Myocardial contrast echocardiography (MCE) offers the opportunity to study myocardial perfusion defects in mice in detail. The value of MCE compared with single-photon emission computed tomography, positron emission tomography, and computed tomography consists of high spatial resolution, the possibility of quantification of blood volume, and relatively low costs. Nevertheless, a number of technical and physiological aspects should be considered to ensure reproducibility among research groups. The aim of this overview is to describe technical aspects of MCE and the physiological parameters that influence myocardial perfusion data obtained with this technique. First, technical aspects of MCE discussed in this technical review are logarithmic compression of ultrasound data by ultrasound systems, saturation of the contrast signal, and acquisition of images during different phases of the cardiac cycle. Second, physiological aspects of myocardial perfusion that are affected by the experimental design are discussed, including the anesthesia regimen, systemic cardiovascular effects of vasoactive agents used, and fluctuations in body temperature that alter myocardial perfusion. When these technical and physiological aspects of MCE are taken into account and adequately standardized, MCE is an easily accessible technique for mice that can be used to study the control of myocardial perfusion by a wide range of factors.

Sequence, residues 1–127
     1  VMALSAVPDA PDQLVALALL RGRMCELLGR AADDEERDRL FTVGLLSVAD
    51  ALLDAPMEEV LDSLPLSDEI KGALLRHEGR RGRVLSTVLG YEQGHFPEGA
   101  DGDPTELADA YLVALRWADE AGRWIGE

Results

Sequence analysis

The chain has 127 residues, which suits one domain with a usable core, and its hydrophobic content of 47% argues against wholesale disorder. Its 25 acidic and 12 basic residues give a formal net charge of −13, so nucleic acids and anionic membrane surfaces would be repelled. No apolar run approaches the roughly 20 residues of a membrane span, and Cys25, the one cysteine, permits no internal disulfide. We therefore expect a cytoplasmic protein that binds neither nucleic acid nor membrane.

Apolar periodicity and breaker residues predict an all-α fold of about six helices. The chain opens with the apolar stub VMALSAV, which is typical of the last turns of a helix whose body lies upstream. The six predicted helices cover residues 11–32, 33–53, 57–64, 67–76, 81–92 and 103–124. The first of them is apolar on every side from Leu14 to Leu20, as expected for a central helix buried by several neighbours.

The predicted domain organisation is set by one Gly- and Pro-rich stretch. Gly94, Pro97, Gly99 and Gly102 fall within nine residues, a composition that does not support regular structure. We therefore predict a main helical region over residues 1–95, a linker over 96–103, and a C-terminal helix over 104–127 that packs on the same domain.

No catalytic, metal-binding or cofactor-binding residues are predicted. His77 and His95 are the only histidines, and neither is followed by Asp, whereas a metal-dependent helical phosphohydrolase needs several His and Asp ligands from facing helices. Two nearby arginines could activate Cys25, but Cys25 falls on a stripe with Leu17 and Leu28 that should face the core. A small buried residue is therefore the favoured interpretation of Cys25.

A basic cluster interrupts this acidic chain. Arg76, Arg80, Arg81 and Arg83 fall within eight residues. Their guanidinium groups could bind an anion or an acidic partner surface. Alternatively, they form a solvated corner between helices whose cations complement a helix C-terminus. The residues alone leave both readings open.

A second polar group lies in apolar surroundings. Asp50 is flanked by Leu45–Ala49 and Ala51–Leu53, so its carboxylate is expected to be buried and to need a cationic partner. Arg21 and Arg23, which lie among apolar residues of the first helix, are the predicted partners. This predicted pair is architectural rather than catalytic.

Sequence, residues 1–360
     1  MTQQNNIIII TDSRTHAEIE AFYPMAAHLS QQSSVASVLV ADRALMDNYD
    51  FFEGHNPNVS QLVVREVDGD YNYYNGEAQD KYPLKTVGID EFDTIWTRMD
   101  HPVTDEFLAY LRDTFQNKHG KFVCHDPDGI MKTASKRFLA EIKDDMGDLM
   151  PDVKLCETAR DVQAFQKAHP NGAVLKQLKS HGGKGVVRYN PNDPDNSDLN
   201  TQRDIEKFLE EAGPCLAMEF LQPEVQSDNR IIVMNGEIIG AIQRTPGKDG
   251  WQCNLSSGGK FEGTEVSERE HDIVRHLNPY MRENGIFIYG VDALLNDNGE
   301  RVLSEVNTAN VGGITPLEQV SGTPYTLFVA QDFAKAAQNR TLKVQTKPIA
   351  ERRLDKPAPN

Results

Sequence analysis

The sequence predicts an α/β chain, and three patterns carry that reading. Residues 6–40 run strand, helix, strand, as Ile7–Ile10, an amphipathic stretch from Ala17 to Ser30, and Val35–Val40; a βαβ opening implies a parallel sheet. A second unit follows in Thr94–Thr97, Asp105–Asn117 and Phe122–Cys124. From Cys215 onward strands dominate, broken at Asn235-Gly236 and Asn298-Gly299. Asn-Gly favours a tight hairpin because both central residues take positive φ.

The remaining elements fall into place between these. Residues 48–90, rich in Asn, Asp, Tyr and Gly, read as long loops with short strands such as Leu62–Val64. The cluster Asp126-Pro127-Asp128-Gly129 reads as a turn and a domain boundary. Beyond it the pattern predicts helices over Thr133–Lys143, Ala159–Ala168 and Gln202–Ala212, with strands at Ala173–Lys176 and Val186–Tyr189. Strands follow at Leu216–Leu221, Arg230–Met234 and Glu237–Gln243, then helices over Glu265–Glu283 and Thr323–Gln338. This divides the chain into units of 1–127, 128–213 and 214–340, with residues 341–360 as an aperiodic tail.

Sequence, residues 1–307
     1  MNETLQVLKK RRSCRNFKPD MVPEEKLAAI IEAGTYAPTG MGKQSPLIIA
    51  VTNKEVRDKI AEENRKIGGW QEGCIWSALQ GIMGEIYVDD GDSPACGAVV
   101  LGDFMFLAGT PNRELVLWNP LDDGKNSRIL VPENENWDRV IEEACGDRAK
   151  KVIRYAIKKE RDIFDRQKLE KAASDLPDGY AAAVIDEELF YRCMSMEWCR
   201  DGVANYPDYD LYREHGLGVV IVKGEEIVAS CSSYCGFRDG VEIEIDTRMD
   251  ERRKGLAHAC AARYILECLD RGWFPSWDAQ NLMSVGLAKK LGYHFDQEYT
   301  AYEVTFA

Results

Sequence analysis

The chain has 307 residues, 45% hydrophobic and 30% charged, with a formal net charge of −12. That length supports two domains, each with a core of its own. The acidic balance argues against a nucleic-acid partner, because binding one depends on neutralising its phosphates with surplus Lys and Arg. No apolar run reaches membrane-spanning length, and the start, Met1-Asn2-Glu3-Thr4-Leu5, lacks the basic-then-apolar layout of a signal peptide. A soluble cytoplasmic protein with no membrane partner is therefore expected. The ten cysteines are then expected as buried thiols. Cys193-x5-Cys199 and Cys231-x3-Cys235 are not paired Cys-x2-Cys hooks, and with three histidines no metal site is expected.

|Journal||American Journal of Physiology. Heart and Circulatory Physiology|
|Publication status||Published - 1 Mar 2018|